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Annual integrated report 2011


Chief Executive Officer’s review

RICHARD FRIEDLAND

Last year I referred to the notion of putting purpose before profit. Looking back at the year under review, I am humbled that in delivering an essential service to society we have continued to live up to our core purpose of helping care for the health of humankind.

Putting purpose before profit does not eschew the importance of delivering competitive returns to those who provide our capital resources. Our financial results, despite difficult market conditions particularly in the United Kingdom (UK), clearly indicate that we have not lost focus in creating value for our shareholders. But it is the balanced and profound contribution we make to all our stakeholders that I believe truly distinguishes Netcare among its peers.

10 For Netcare’s value contribution in 2011.

It is our intention to continue growing this contribution in a world that faces serious challenges to its very sustainability. In the aftermath of the global economic crisis, society’s trust in business has ebbed to all-time lows and the pressure on business to justify its value to society has never been greater. Furthermore, prevailing and pervasive social and environmental trends are driving volatility in global markets and redefining the competitive playing field. The impacts for the healthcare sector and our business will be significant.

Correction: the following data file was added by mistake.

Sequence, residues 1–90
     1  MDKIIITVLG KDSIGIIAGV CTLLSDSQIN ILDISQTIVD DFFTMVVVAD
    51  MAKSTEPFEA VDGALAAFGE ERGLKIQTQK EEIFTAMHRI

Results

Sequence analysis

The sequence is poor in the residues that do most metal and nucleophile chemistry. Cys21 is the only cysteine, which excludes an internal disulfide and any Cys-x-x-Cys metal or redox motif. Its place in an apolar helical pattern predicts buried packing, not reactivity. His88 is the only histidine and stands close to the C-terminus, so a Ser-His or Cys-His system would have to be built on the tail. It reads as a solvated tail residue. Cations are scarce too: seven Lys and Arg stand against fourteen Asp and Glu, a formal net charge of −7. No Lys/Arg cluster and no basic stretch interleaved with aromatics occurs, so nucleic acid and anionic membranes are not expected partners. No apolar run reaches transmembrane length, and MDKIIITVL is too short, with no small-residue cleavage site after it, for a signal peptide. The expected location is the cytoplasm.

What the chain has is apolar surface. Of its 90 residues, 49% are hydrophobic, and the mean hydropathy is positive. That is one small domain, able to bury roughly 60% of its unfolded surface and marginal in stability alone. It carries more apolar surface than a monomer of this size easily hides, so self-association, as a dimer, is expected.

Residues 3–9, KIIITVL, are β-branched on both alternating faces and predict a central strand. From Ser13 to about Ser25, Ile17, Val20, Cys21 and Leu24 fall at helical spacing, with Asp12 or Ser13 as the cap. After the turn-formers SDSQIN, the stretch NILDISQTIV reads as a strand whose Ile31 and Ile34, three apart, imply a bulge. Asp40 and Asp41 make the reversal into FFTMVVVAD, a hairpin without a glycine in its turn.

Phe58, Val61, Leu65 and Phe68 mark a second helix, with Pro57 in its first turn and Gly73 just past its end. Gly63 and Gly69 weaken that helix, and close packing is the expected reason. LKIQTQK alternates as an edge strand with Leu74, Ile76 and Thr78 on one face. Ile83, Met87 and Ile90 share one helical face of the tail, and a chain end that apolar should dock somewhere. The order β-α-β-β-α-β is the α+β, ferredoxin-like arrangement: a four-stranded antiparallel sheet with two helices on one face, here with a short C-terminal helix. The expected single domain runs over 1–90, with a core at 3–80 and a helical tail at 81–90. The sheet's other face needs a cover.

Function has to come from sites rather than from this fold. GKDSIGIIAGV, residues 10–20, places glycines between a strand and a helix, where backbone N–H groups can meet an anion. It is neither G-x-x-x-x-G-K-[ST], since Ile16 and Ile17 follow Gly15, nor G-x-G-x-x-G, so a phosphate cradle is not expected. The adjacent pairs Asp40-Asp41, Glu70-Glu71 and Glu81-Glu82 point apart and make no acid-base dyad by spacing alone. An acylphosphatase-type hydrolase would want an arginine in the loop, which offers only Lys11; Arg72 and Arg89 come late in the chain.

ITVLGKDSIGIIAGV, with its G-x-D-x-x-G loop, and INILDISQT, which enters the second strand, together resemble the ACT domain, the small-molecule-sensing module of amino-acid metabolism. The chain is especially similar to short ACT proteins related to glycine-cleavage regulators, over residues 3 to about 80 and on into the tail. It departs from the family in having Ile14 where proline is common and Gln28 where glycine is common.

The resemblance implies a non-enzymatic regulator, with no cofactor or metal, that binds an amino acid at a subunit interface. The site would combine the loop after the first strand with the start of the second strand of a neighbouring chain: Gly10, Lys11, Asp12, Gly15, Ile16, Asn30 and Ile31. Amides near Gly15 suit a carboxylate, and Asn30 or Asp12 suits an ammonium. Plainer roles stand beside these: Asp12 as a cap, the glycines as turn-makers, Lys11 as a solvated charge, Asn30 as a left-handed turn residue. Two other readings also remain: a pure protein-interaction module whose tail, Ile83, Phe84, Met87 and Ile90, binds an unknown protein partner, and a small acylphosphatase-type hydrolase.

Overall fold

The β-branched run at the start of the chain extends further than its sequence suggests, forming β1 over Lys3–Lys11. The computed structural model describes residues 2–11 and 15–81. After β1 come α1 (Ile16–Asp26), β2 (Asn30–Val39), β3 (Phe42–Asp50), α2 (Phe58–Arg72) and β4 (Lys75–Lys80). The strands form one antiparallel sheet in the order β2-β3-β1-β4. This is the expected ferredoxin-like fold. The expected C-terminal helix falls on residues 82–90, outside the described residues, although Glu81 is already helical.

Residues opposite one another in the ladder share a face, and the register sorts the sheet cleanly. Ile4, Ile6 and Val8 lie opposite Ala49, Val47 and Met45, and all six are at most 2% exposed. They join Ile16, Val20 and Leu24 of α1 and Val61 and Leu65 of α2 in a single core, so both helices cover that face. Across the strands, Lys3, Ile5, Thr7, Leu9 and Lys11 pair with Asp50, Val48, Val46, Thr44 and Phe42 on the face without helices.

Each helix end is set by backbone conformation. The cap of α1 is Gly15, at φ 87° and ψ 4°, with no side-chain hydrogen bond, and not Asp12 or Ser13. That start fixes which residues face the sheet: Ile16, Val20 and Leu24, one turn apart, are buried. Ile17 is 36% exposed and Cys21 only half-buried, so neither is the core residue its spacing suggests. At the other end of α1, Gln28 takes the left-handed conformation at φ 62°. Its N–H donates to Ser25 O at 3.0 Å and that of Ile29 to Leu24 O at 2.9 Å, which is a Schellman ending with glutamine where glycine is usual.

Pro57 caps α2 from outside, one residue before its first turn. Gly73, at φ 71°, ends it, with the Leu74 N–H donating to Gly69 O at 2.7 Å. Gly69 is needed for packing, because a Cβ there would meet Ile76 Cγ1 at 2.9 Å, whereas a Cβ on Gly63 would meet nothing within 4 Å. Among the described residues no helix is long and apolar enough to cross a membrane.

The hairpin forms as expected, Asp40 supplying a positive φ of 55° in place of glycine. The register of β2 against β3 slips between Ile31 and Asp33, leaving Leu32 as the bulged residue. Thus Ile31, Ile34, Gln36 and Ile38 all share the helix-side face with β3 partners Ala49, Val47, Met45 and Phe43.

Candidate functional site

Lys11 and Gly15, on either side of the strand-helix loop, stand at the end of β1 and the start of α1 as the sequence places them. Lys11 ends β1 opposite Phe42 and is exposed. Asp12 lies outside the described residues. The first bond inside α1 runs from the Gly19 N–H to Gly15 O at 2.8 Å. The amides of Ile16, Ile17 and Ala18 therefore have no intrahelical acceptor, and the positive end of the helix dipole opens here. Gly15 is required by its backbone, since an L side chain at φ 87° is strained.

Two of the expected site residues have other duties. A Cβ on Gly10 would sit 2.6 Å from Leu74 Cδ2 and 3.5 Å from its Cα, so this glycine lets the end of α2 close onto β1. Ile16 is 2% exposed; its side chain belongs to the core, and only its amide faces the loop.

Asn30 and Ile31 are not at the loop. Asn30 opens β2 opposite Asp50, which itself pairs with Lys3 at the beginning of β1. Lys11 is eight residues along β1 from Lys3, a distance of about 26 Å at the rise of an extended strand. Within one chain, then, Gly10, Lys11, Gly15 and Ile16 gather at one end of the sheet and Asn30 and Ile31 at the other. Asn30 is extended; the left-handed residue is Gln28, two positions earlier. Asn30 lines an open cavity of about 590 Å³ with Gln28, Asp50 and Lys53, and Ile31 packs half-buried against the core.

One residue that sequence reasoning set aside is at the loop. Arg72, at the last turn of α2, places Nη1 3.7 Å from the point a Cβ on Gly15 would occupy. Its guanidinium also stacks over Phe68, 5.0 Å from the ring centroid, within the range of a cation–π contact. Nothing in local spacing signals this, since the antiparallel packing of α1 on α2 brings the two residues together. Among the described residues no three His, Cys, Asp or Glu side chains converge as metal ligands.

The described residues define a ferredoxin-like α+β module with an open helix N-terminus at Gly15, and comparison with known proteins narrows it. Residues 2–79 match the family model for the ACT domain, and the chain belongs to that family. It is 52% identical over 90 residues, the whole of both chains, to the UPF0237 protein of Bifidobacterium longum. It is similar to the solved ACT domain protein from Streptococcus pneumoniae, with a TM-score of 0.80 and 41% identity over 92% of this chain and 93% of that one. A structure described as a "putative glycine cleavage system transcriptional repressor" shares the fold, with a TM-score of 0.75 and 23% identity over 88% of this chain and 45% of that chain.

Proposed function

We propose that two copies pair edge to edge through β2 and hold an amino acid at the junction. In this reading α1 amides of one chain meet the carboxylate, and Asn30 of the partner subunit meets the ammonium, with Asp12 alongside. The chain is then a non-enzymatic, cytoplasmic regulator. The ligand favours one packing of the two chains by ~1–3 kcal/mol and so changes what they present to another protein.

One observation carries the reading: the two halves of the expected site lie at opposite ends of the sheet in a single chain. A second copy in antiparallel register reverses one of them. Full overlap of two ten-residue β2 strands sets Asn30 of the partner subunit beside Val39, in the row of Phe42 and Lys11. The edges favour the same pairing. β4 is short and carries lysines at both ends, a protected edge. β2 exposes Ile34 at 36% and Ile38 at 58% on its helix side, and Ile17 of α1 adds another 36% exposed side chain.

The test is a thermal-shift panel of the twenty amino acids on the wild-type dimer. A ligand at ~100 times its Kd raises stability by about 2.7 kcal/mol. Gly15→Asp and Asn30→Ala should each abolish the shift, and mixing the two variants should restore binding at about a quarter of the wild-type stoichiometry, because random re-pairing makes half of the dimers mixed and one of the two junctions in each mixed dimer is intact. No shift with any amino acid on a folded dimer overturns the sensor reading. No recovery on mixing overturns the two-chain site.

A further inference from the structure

This is borne out by the long-term scenario planning process that the Netcare executive team have been engaged in over the last year, which has challenged us to look at the likely trends in healthcare over the next 20 years. In every possible future scenario, healthcare demand increases. While this is the basis of business growth for Netcare, it also poses a risk insofar as these demands cannot be met by current healthcare delivery systems. The inability to either provide or to fund quality, affordable healthcare for all citizens will have an increasingly severe impact on society in the countries in which we operate.